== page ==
Product Development


December 01, 2015

The focus on wellness has been creeping into the American vernacular for most of this decade, and its ascent seems to be escalating. When 7-Eleven starts offering quinoa salad, and Cooking Light magazine provides guidance on what to eat at McDonald’s, it’s clear that the wellness trend is deeply embedded and here to stay. And after years of emphasizing what to put in the body, it’s not surprising that we’ve moved to spotlight what to put on the body. There’s a growing understanding that outer beauty is a reflection of one’s inner self.

Modern “natural” personal care and beauty products surfaced on the retail scene as a fringe niche in the ‘70s, and consumers who elected to use them did so mostly out of concern about the toxic possibilities of synthetic ingredients or on moral grounds. Their concerns and commitments were serious enough that they were willing to sacrifice performance. Fortunately for consumers and product developers, the industry’s options are burgeoning. Improved ingredients and technologies have obviated the need for consumers to compromise. As demand has grown, companies at all stages of the supply chain have enhanced offerings, leading to … more increase in consumer demand. Once primarily the purview of indie brands, legacy brands are beginning to recognize opportunities resulting from this market shift in their formulations, packaging, and marketing.

As with any evolution, the trend toward natural products has created complications. Without widely-accepted standards for the definition of “natural,” consumers are confused and distrustful. Skepticism toward large corporations and go vernment is at an all-time high in general, making it even more important to influence the perception of conscious consumers. The FDA is making some noise about regulating the term for ingestibles, suggesting that a topical-use definition may follow. So while there is a “greenwashing” move afoot, many consumers are opting for more straightforward “free from” claims. Highest on the “unacceptable” list are sulfates, parabens, synthetic fragrances, PEG compounds, and mineral oil. Twincraft has been developing specialty soap and skincare products without these ingredients for years anticipating this consumer behavior trend.

The lifestyle emphasis on wellness may have begun with the baby-boomer graying of America, but there’s no question it’s been fully embraced by the generations that have followed. From farm-to-table and localvore culinary patterns to fitness challenges like supermarathons, wellness, defined by the National Wellness Institute as “conscious, self-directed and evolving process of achieving full potential,” is permeating the world of personal care and beauty. Brands and product developers will be well-served to cater to increasing consumer demand for products that address their needs.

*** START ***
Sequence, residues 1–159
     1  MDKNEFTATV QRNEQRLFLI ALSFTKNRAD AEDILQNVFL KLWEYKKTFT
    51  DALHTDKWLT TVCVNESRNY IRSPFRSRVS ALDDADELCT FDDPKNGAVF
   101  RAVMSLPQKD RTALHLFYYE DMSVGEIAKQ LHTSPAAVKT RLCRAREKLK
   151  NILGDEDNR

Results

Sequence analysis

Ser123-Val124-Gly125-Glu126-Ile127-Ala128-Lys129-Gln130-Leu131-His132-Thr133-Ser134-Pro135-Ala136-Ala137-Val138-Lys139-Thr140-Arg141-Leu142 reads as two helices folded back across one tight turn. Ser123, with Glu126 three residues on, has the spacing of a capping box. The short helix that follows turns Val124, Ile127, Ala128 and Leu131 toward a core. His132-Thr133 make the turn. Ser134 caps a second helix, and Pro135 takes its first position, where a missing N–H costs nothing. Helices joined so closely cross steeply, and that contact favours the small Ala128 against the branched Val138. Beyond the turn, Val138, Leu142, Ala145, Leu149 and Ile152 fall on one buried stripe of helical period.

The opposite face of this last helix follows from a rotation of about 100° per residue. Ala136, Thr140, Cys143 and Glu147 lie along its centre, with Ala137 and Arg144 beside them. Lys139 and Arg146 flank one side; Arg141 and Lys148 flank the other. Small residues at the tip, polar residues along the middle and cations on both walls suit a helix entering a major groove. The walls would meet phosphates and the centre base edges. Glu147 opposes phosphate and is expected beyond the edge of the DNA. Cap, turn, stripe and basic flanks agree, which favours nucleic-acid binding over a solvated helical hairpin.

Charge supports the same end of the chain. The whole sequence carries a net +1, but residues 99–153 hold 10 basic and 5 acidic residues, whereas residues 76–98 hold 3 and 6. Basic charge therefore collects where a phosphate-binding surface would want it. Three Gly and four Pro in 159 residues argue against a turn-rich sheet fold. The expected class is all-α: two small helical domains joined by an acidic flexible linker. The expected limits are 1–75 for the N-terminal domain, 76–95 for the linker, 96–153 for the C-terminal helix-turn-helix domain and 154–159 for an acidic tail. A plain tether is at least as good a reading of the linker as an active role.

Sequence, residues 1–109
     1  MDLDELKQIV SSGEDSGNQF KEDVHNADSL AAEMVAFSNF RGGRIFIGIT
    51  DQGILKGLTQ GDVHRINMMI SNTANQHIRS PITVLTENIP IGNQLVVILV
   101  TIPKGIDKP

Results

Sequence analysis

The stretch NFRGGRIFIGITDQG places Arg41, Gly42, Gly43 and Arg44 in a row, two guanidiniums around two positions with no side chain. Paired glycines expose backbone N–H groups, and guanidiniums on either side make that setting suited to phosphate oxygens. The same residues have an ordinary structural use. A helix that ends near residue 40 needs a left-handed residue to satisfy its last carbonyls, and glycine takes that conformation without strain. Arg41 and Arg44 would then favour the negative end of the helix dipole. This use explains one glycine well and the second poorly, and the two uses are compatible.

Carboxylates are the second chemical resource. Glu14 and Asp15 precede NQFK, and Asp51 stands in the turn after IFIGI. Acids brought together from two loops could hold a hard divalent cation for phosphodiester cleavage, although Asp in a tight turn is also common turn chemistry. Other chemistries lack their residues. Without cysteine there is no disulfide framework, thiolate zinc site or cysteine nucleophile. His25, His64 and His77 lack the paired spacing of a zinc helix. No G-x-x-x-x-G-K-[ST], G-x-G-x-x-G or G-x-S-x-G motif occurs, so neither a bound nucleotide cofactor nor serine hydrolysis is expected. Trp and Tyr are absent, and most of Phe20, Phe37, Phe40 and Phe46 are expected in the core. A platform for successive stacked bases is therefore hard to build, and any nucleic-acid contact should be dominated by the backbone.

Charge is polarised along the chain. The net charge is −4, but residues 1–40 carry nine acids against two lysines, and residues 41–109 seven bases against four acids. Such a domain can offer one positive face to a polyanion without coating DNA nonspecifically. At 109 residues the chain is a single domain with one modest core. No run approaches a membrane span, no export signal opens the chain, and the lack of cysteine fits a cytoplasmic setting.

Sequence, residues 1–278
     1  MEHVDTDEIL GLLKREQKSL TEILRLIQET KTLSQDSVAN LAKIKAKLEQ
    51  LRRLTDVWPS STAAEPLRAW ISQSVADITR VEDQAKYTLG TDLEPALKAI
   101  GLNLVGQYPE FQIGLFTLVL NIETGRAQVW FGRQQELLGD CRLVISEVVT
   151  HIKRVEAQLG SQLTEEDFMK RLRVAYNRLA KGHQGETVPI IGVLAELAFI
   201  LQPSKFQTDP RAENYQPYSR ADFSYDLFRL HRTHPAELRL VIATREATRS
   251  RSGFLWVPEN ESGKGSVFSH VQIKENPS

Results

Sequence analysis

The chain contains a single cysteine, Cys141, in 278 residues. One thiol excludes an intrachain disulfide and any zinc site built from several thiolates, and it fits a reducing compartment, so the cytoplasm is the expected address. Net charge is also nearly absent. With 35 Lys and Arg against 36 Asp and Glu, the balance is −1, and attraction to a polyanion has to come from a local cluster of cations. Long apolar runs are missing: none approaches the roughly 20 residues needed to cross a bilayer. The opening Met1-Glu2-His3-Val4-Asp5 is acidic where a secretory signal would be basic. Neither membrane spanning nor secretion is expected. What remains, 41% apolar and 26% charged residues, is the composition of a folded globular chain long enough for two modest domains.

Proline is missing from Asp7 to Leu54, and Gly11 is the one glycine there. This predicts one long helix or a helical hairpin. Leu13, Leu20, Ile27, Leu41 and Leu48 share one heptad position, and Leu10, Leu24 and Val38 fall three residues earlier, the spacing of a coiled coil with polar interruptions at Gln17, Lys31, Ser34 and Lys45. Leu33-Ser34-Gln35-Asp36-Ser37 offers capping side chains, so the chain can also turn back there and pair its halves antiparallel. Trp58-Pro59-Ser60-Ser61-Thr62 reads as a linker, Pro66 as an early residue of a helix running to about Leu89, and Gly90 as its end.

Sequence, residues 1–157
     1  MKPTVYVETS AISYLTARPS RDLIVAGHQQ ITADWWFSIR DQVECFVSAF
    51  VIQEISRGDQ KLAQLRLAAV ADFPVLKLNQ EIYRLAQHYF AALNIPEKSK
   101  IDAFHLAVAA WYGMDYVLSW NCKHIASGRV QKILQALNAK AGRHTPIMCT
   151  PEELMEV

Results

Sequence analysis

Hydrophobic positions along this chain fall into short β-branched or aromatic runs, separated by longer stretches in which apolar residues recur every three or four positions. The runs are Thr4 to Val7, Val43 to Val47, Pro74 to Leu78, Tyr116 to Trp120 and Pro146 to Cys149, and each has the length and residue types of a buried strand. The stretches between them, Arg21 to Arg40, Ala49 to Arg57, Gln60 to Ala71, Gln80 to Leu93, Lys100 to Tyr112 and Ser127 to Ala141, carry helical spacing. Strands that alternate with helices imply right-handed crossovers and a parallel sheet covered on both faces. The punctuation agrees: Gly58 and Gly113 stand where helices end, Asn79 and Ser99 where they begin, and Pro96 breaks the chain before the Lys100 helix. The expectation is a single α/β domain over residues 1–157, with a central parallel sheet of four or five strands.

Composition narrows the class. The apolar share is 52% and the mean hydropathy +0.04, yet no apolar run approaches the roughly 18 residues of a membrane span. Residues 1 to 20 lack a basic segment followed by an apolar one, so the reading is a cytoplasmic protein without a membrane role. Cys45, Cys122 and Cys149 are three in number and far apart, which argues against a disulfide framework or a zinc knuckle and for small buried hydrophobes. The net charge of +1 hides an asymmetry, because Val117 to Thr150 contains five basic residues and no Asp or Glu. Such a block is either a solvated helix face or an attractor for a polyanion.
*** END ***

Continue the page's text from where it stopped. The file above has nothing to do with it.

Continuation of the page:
Lucie Greene, worldwide director of JWT Intelligence explained that we’re seeing the “next generation of conscious consumer” to a CEW Global Trend Event in October. 26 October 2015

Lucie Greene offers deeper insights about the influence natural ingredients and products are having in the world of beauty. 27 October 2015

Driven by a desire for healthier lifestyles and an inherent need to know more about what they put on and in their bodies, consumers are asking more detailed questions about the contents of products. GCI Magazine 18 October 2015

Emma Reinhold, Trade Relations Manager at The Soil Association cautions about consumer confusion about “green” messages and advocates for meaningful certification standards. 8 October 2015

Katharine L’Hereux, founder of Kahina Giving Beauty, shared her insights about the naturals category in the upscale market. In her comments she reminds formulators that even with a strong interest in natural ingredients, customers require efficacy first. 24 September 2015

Judi Beerling, technical research manager at Organic Monitor addresses the topic of development, enhancement and replication of natural ingredients and what it means for the future of the personal care industry. 22 September 2015

Some major brands making natural personal care claims have had to defend them in court as the industry wrestles with standardized definitions. The Rose Sheet 15 September 2015

A growing demand for organic and natural hair care, skin care, and cosmetics products is expected, with steady growth forecasted through 2020. 27 August 2015

American women are reading beauty product INCI labels prior to purchase in pursuit of natural claims. Skin Inc. 10 August 2015

American women are likely to spend more on natural beauty products as they strive to avoid ingredients perceived as harmful. GCI Magazine 7 August 2015



Made with organic Castile soap base and other natural ingredients, Twincraft’s innovative gelée is a high performance cleanser for body, hands and/or face. It’s unique texture starts out the consistency of Jell-O™.  When water is added and the mixture is applied to the skin, it transforms to a lush, stable foam for cleansing. Watch it wiggle in a jar or squeeze it out of a tube for a unique product experience!